Today I'd like to share an excerpt from my new WIP. I started writing this a few years ago, but I put it aside in favor of other manuscripts. It's time now to pick it back up. I'm struggling to find a title for it, and I don't have a blurb yet, but here's the beginning of the book. If you see anything I need to fix please say so. I've given you ten sentences and a few more to spare.
On Sunday after you finish here you can find more excerpts from a talented group of authors at www.wewriwa.blogspot.com
Brent shook his head to clear it. “We should be in Miami, but where did it go?”
“Cities don’t pack up and move,” Healy objected. “We must be off course.”
“Then we need to get back on course in a hurry.”
Brent pondered the seriousness of their situation. The plane carried at least one injured person and probably more, the airport didn’t respond to their radio, and they couldn’t find Miami. They had no idea where they might be because obviously something had happened to their navigational equipment. They couldn’t stay in the air forever either.
“Let’s send out a distress call,” Frank said.
It couldn’t hurt even though Brent really didn’t expect anyone to answer. “Mayday, Mayday, Mayday. This is Transworld Flight seven niner four. Our last known position was twenty-five degrees forty-two minutes north latitude, seventy-seven degrees fifty minutes west longitude. We are cruising at an altitude of thirty-five thousand feet with airspeed of five hundred fifty miles per hour. There are six hundred five souls on board. Our navigational equipment is not responding. Come in please.”
No one answered.
“I’ll try it in Spanish,” Brent muttered.
He did so, but the radio remained silent. Even the static and voice fragments were gone.
Brent gave up on the radio. “I think we should find a place to make an emergency landing,” he said. “We have to be on the ground before dark.”
“You got that right!” Frank exclaimed.
They started looking for a cleared place to land. “If we could find I-95 or US-1 we could try to make a landing there,” Healy said.
“Yeah, Frank, but if we could find those highways, we could find the airport too. Anyway, you can’t land a plane this big on the highway without killing somebody.”
“Maybe along the beach, then.”
Excerpt: We've picked up at the place where I left off.
They debated the merits of a beach landing, but ultimately, they decided to try it. The few small clearings they had seen didn’t look big enough for a safe landing. If they couldn’t stop in time they would crash into the forest.
“Let’s make a belly landing,” Brent said. If we don’t the landing gear’ll mire in the sand, and we’ll probably lose the wings.”
Healy’s head bobbed in agreement. “Yeah, and we might end up in a firestorm if the fuel tank…”
“Belly landing it is then.”
They flew along the beach until they located a promising site and came around in a wide arc for their final approach.
“Are you sure about this?” Frank wavered. “Maybe…”
Brent turned a cool eye toward the copilot. “I guess the odds are against us, but what else can we do? Nobody answers the radio, we don’t know where we are, and we have about fifteen minutes before the fuel situation goes critical.”
Frank sighed. “Yeah, I know.” He offered his hand to Brent. “Happy landing.”
“Dinner’s on me. You pick the place.”
At this point the passengers would have to be told, and some of them were sure to panic. Brent set his jaw and spoke to the passengers over the intercom, trying to sound confident and unworried. “Folks, this is Captain Holloway again. It seems that the storm we went through pushed us off course. We don’t have enough fuel to make it to the airport so we’re making an emergency landing on the beach. The flight attendants will demonstrate the proper procedures for you to follow. I urge you to listen carefully and follow all directions to the letter. Above all, please remain calm. We have every reason to believe we’ll land safely and without mishap.”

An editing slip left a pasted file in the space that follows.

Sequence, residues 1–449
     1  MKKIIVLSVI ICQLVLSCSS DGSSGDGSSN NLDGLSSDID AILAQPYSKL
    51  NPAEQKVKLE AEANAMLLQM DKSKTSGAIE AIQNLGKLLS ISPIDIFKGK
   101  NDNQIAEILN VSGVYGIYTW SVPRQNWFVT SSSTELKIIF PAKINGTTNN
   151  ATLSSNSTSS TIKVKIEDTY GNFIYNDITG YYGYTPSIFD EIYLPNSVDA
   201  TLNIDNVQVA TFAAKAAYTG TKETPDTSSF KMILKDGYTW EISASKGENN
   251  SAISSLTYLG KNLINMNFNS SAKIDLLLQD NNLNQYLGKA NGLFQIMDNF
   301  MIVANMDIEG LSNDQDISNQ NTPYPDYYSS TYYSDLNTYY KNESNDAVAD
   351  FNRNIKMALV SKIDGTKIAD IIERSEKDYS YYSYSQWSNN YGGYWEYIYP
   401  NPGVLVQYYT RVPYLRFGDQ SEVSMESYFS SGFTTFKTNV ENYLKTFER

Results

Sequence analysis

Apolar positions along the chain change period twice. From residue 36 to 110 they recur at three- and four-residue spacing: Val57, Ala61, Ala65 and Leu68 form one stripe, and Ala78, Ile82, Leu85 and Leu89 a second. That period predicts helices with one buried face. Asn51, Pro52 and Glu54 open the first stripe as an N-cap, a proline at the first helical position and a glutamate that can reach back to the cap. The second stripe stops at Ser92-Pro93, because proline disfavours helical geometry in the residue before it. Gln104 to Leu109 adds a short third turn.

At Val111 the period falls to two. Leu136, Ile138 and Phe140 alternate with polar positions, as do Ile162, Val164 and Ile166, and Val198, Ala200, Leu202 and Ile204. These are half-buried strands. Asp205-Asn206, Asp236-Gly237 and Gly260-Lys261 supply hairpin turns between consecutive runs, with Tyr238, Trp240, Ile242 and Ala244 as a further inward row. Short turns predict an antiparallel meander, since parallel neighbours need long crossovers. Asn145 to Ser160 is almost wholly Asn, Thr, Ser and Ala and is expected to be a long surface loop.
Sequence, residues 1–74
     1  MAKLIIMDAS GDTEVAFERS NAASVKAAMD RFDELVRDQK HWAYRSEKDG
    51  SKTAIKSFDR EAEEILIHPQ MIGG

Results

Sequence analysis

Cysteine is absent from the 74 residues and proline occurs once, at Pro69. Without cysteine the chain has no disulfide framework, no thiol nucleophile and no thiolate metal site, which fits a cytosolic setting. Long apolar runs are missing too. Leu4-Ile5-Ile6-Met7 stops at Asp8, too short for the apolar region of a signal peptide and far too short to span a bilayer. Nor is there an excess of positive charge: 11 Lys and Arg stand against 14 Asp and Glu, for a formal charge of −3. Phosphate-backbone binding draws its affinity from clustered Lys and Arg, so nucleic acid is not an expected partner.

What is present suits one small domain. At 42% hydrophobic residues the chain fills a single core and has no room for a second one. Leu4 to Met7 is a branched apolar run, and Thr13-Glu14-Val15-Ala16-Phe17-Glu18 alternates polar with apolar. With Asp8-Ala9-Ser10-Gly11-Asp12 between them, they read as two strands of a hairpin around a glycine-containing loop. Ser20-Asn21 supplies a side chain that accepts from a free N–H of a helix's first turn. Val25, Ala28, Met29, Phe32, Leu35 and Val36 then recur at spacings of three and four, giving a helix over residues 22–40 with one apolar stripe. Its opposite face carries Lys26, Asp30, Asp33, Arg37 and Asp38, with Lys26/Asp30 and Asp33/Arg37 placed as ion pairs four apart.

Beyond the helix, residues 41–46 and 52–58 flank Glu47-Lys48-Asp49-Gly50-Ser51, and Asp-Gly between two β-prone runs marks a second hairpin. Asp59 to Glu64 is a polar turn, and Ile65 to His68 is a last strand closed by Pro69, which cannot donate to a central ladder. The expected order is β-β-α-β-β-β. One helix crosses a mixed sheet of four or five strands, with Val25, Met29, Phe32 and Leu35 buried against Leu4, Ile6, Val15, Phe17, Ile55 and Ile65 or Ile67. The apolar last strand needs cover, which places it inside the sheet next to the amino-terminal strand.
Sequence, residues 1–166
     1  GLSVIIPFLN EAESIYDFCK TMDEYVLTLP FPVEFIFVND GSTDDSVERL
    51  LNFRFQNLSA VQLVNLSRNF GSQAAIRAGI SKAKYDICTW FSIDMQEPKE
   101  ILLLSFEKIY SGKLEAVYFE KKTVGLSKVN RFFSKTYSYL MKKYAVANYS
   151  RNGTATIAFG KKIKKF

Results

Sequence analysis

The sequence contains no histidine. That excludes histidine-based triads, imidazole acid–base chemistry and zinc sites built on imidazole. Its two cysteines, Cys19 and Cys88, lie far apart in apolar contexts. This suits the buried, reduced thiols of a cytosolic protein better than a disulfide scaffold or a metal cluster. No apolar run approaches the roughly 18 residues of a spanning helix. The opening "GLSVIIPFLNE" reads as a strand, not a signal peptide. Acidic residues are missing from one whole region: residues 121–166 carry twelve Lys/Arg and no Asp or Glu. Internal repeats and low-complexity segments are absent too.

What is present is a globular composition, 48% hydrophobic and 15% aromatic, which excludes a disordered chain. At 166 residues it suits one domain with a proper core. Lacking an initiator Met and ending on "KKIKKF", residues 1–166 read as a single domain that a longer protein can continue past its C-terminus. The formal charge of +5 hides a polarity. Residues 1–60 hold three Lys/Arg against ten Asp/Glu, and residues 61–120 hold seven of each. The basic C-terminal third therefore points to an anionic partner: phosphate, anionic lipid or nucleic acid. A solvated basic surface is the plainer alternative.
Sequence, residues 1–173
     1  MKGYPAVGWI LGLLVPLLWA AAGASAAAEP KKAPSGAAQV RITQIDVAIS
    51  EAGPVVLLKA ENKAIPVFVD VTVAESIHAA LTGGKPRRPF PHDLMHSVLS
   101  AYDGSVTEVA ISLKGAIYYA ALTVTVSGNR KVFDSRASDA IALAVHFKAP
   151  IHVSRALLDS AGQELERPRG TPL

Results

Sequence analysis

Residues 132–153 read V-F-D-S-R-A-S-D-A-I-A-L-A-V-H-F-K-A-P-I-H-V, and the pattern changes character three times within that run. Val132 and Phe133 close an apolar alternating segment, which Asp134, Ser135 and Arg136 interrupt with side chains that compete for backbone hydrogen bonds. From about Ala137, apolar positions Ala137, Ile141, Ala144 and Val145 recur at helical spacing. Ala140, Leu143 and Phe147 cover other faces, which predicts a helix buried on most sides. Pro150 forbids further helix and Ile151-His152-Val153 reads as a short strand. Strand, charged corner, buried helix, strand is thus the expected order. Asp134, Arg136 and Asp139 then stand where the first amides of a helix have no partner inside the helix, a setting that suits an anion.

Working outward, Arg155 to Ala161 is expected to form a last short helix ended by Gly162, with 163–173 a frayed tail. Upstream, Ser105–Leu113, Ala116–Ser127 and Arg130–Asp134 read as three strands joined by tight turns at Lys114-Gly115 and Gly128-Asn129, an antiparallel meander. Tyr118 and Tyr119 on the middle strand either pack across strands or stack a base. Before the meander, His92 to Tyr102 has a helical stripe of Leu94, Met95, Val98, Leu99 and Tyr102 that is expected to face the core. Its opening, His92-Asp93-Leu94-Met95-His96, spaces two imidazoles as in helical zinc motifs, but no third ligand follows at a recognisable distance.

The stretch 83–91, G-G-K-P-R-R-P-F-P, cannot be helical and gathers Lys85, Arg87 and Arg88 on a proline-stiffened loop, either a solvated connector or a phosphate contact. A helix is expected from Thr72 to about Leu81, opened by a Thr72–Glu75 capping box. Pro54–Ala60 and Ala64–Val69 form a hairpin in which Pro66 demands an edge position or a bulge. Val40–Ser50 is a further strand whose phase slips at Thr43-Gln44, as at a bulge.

He turned off the intercom, and they began the emergency landing procedure.
It seemed like only seconds until the ground rushed up to meet them. The plane flew ever lower and glided onto the beach. And all hell broke loose.
The plane charged across the soft sand, bucking and shuddering as its nose streaked toward the ocean. They hit a small hump on the beach, and the tail whipped around, metal screaming in protest.
The plane stayed upright, but it changed directions and slid sideways toward the trees. It came to rest scant inches from the forest.
Brent let out breath he hadn’t been aware of holding and shakily rubbed his hands across his watery eyes. The way his heart raced and thumped in his chest he’d be lucky to stand up without falling. So many lives had depended on setting down safely.
Beside him Healy fumbled with his seat belt. “Brent? You alright?”
“Yeah, I think so.” Brent unfastened his own seat belt and leaned toward Anders who remained slumped in his seat. He pressed a finger against Mike’s neck and felt a pulse. “He’s alive.”
“He must have had a heart attack or stroke,” Frank worried. “Man, I hope he’s okay.”
“Me too,” Brent said. “It shouldn’t be long before some rescuers show up, and they can help him. By now we’re overdue, and they’ll be searching for us.”
Healy took a deep breath and blew out hard. “Thank God for the locator beacon. I hope someone gets here soon.”
So did Brent. “Why don’t we see about our passengers? One of them might be a doctor.”
Frank brightened. “Yeah, good idea, and maybe we can find Mike a more comfortable place to rest.”
Brent opened the cockpit door, but they didn’t see anyone in first class. “Did everyone already deplane? Those flight attendants are good.”
Frank suddenly grabbed his shoulder and squeezed so hard it hurt. “Brent, look! The doors are still closed!”
They walked from one end of the silent, empty plane to the other, but nobody answered their calls, and nobody hailed them from the beach. They were alone.